Will upbeat rough demand slow the diamond market recovery?

Avi Krawitz

Rough diamond trading was surprisingly buoyant in April given that polished demand is restrained and inventory levels continue to rise. After a good first quarter, in which rough and polished trading was driven by restocking of the midstream, concern deepened this month that an oversupply of polished diamonds will pressure the market.

De Beers recorded its highest level of sales so far in 2016 at last week’s sight, despite raising prices by an average 2 percent. ALROSA sold most of its offering after marginally reducing prices. This means that close to an estimated $1 billion worth of rough entered the market in April between these two firms, after the duo supplied about $2.4 billion worth in the first quarter.

The magnitude of rough purchases in the first four months led analysts to offer a positive assessment of the diamond market and raise their outlook for the mining sector in 2016.

[After] a detailed review of the diamond market outlook for the short, medium and long term, we have concluded that 2016 is likely to mark a significant recovery [that is] driven by substantial industry restocking through the pipeline,” analysts at VTB Capital wrote in an April 11 note about ALROSA. “We therefore expect a marked pick-up in rough sales as cutters and manufacturers are increasingly pressured to reverse unprecedented destocking in 2015.”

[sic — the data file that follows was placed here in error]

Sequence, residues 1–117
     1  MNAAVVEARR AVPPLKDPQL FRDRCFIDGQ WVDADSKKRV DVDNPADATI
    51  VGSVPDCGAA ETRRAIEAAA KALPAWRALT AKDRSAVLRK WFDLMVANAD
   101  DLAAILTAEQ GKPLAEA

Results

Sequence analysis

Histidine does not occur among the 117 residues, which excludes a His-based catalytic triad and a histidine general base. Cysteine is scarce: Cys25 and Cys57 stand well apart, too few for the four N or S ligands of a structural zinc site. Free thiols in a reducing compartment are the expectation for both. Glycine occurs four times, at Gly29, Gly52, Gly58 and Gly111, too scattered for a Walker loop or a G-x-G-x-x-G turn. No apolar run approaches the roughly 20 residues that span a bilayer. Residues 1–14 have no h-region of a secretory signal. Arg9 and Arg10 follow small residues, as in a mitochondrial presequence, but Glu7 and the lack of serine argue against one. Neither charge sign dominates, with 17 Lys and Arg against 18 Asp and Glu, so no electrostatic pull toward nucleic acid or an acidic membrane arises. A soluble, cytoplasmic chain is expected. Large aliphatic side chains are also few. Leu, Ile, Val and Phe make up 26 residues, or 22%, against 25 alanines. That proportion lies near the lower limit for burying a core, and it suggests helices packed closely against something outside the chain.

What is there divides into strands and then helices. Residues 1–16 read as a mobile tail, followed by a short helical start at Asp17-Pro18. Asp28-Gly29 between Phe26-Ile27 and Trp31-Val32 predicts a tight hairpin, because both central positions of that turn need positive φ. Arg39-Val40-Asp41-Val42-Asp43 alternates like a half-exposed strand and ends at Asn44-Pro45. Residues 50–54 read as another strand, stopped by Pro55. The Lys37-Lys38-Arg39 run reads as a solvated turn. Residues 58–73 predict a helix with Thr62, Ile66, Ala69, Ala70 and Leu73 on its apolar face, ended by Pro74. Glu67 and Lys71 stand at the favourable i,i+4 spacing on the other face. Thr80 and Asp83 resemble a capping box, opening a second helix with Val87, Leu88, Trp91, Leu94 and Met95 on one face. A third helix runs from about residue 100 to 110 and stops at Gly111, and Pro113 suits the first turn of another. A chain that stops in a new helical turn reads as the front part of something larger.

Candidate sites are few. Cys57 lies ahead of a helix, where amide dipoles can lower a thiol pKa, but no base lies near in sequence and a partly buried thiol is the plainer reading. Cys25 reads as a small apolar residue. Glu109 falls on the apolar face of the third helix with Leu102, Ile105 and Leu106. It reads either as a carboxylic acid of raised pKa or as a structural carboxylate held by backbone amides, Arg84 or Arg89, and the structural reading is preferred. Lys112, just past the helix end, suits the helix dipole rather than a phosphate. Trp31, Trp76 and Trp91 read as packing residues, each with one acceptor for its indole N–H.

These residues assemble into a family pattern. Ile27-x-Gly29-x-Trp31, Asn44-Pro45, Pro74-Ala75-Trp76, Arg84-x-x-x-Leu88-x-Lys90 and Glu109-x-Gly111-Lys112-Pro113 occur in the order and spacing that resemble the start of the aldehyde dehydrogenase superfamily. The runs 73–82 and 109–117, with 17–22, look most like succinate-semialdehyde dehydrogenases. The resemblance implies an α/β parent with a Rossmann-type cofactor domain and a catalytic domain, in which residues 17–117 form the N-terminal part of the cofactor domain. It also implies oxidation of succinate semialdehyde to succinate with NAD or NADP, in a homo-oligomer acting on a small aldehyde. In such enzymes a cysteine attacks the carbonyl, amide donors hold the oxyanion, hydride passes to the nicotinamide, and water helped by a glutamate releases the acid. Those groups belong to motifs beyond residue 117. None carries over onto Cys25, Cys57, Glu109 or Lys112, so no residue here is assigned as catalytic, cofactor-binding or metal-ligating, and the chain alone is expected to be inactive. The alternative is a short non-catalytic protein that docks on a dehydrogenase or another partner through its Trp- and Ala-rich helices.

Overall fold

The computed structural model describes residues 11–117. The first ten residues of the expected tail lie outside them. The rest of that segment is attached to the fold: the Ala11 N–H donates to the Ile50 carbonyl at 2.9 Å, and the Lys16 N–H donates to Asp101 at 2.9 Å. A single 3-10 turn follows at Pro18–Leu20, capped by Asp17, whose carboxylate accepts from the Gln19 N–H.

VTB analysts projected the recovery will be “more material” than expected given the continued need to substantially refill inventory across the diamond pipeline. The researchers upgraded their forecast for ALROSA’s sales volume by 26 percent for this year and 14 percent for next.

Such optimism is supported by comparisons from a very low base in the second half of last year when manufacturers focused on reducing inventory and rough sales slumped.

However, in this column’s view, rough sales in the first quarter should be sufficient to refill the diamond pipeline. Given the experience of last year, one would expect diamond manufacturers and dealers to exercise caution in producing too much polished inventory in 2016. While polished prices have firmed since November on lower stock levels, a slowdown in rough demand is now projected in the coming months if not for the remainder of the year, if the recent polished uptrend is to be sustained.

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Source Rapaport